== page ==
In response to Maggie Crowley’s blog on home-schooling, a primary school in Birmingham share their views (part 1/3)

Maggie’s blog on home-schooling can be found here.

Richard (Year 5 Teacher)

The home is a less noisy and pressured environment than the school.  Being educated at home can remove a great deal of stress from the normal classroom for some children, giving rise to more emotional freedom.  There is no need to try to ‘fit in’ and give into peer pressure. There are no cases of bullying, being ostracised and all the other social pressures.  The following study is aimed at home-schooled adolescents, however, the book A Sense of Self: Listening to Homeschooled Adolescent Girls by Susannah Sheffer does give some helpful insights.  The author has found that teenage home-schooled girls had no loss of self esteem and become happier and more emotionally mature adults.

In the home, there is a greater deal of flexibility in that the child can study at their own pace, and not have to study at the same pace as the rest of the class.   John Taylor Gatto, the controversial author of Dumbing Us Down: The Hidden Curriculum of Compulsory Schooling, has criticised the school system. He says that educating at home avoids confusion in learning as the children get individual tutoring.  The children learn autonomy in learning and are not so emotionally and intellectually dependent as those attending school.  Also, this greater flexibility should enable the parent to decide the length of lessons and also decide when to take breaks.

If children have certain, unique talents, but struggle with other subjects, the balance can be restored by parents choosing subjects which suit the child.  This home-schooling opportunity that many are facing currently, gives rise to ‘premium’ parenting because the parent is, or should be, intimately involved in the learning process.  The parent, as the teacher, knows the subject well and can share fully in the joy and excitement of learning with their child.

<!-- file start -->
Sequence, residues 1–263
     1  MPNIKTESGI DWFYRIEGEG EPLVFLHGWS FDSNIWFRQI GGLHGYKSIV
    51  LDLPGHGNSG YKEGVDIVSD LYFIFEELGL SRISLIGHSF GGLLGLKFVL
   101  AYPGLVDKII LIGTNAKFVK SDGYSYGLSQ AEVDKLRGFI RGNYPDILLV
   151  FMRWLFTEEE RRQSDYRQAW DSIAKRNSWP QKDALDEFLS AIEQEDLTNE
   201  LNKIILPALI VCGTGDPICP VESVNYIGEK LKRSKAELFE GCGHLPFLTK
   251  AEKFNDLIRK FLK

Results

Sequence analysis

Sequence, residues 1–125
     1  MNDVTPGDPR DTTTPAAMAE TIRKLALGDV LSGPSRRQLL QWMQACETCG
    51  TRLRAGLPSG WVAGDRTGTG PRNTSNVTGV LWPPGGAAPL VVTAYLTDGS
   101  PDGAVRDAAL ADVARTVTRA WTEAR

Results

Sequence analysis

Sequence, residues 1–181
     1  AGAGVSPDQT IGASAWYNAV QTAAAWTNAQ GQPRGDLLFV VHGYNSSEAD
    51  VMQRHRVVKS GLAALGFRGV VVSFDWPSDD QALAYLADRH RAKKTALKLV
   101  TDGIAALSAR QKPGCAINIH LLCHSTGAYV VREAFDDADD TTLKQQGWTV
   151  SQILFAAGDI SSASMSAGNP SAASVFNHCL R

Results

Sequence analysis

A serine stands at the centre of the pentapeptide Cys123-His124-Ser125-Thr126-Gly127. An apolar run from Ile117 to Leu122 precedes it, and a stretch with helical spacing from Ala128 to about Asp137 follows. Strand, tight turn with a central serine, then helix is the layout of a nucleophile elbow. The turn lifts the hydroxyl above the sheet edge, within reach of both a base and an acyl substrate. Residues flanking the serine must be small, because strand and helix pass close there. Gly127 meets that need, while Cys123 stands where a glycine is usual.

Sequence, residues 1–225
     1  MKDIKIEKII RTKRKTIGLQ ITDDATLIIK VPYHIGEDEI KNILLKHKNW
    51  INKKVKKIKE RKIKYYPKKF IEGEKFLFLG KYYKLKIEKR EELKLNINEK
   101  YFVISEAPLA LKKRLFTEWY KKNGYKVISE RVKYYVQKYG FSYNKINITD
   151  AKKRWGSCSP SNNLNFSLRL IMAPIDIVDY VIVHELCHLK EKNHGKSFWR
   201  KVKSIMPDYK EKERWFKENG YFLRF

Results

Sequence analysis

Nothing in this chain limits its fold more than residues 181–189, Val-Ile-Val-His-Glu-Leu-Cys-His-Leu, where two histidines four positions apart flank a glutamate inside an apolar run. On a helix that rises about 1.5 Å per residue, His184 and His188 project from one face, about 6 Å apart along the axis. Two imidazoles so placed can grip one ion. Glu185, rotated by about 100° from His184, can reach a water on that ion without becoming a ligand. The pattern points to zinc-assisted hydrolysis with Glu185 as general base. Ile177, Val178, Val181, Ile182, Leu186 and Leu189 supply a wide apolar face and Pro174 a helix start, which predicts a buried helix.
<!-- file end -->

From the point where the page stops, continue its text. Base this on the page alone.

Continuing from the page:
There is always the concern raised with home-schooling children in terms of the child’s socialisation with others.  This is a particularly apt consideration during the current situation.  TIME magazine raised the question: “Home-schooling may turn out better students, but does it create better citizens?” (“Seceding from School,” TIME, August 2001.) Empirical evidence is needed to substantiate the claim that children who are educated at home are not at a disadvantage.  Today, the first generation of home-schooled students has ‘grown up,’ and there are enough home-school graduates to begin to see how they are succeeding in their homes, in their work, and in their lives.  In 2015, Dr. Brian Ray of the National Home Education Research Institute commissioned the largest research survey to date of adults in America who were home educated. The study surveyed over 7,300 adults who were home-schooled. Over 5,000 of these had been home educated at least seven years.  The study found: the home-educated typically scored 23 to 42 percentile points above school educated students on standardised academic achievement tests. (The school average is the 50th percentile; scores range from 1 to 99.); home-school students score above average on achievement tests regardless of their parents’ level of formal education or their family’s household income, and, whether home-school parents were ever qualified teachers is not related to their children’s academic achievement.

Mary (Year 6 Teacher)

I think that from a parent perspective, this unprecedented time can not be wasted. We are directed with work from school but it also allows the opportunities for adult- child talk about the learning that they may not have the opportunity to do as much at school in a class of 30. It is especially relevant as it is in their home, with their most trusted adult in a time that is so unusual and so, in the future, there will be memory triggers about what they have learnt at home. On the other hand, maybe we should not be setting new learning (which I am doing in maths), rather recap prior learning as many parents don’t have the understanding that we do.

It’s difficult to know the right pitch to set the home learning at. We know that many of our parents will sit and let their children talk and will listen, but then again some don’t give that opportunity – not blaming, but many are working full time from home.

I am sure that there are many child psychologists out there itching to produce a research paper on this. Second year psychology students will have a wealth of quantitative analysis to use next year for their dissertation.

 

Responses part two and three can be found here:

Part two

Part three

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